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The Danger Of Multi-Tasking


evento-CopyLAST week’s article mentioned not multi-tasking as one of the habits of highly productive event professionals. You probably will disagree with me if you are one of those event planners that believe strongly that multitasking is a great way to save time and to get more work done.

The truth is that multi-tasking is a time waster. Yes, you get your tasks done, but you are most likely not going to be at your best when you do more than one thing at a time, especially with tasks that require concentration.

Now you will say, “but Kemi, planning an event usually involves tasks like distributing invitations, arranging for food and drinks, selecting the speakers, booking and confirming venues, etc. which most of the times one is found doing two or more of those tasks at the same time”. I agree, absolutely.

However, you’ll agree with me that you can’t be very productive when you are holding a phone conversation with your event client while simultaneously sending a mail to your vendors about what they are expected to deliver at the event.

Multi-tasking can prove to be useful only a few times. Here are some of the disadvantages of trying to do more tasks than one at a time:
1. One or both of those tasks you are trying to do get poorly done. You end up making mistakes, have to re-do the work as well as create a bad impression about yourself of being sloppy and unorganized.
2. Tasks that require high level of concentration and reasoning are not suitable for multitasking because when multitasking, you cannot engage in any form of creative thinking. In fact, you are very prone to distractions and most times by stimuli which ordinarily wouldn’t have effect on a single tasker.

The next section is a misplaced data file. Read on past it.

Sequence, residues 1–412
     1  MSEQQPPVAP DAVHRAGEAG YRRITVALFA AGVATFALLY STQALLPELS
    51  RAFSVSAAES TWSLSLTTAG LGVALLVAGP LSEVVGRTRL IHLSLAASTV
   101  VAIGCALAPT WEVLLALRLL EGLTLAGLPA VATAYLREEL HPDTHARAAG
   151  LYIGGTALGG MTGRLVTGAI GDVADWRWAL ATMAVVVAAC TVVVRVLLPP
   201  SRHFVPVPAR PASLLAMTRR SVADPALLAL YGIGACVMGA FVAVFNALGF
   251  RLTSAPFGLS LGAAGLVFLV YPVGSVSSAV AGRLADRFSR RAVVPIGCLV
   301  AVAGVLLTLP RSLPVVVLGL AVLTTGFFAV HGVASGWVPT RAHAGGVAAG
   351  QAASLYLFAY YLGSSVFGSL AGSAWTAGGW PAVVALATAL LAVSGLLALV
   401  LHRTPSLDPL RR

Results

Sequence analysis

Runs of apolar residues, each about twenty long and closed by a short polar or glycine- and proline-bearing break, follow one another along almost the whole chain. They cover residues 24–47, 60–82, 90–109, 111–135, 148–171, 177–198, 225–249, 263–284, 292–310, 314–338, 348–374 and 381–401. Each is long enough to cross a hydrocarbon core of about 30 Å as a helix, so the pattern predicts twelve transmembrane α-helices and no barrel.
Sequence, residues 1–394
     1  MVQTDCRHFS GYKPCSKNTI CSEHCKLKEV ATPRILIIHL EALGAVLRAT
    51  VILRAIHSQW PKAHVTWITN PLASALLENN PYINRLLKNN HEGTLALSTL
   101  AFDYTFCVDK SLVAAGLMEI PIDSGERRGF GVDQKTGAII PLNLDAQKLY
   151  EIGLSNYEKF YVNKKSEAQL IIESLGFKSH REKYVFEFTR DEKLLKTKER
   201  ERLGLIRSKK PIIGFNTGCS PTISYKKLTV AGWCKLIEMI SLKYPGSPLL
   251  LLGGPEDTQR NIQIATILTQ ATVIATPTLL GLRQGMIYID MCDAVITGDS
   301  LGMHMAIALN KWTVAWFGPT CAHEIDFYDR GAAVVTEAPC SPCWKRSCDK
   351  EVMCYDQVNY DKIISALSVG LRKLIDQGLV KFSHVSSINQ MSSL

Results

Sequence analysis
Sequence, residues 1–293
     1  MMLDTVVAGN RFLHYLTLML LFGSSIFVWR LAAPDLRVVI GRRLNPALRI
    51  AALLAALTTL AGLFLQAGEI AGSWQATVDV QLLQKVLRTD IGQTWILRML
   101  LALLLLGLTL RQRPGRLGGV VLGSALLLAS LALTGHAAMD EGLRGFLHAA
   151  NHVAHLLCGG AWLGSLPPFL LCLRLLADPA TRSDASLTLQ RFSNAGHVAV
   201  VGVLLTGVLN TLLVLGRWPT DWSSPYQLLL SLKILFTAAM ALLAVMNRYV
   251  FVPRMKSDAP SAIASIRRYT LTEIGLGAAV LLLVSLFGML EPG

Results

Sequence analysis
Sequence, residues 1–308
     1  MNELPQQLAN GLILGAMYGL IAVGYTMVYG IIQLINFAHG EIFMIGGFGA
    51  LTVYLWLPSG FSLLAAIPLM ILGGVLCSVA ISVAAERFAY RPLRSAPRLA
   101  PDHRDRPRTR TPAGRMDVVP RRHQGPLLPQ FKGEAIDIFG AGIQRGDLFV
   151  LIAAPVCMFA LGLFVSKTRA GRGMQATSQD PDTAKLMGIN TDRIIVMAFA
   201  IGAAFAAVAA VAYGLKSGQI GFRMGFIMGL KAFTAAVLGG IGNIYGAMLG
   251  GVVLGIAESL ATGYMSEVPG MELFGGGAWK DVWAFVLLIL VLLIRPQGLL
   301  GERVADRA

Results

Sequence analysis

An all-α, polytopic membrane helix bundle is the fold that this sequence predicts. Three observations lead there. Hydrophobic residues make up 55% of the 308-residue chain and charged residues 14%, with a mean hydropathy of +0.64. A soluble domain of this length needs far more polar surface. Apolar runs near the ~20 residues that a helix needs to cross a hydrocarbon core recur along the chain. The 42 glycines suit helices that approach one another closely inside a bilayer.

3. Another devastating effect of multitasking is that you switch from task to task but end up not finishing any. This results in loss of productivity, increased stress, as well as a feeling of dissatisfaction from an inability to regulate work habits.
4. This may not be easily noticed, but the truth is that you miss certain subtle opportunities when each task does not get your full attention. For example, if you are taking a phone call while being introduced to someone, you miss the chance to really connect with him and who knows, he might just be the one who would have brought you your most profitable event ever.
5. You also end up working more slowly and less effectively when you multitask. According to research by the American Psychological Association, swapping between tasks takes as much as 40% more time than single-tasking.

In summary, multi-tasking makes people less productive and less creative. We consistently perform better and faster when we do tasks successively rather than all at once. So my dear event planner, if you have hitherto been proud to describe yourself a great multi-tasker, I think it’s high time you began to do otherwise.

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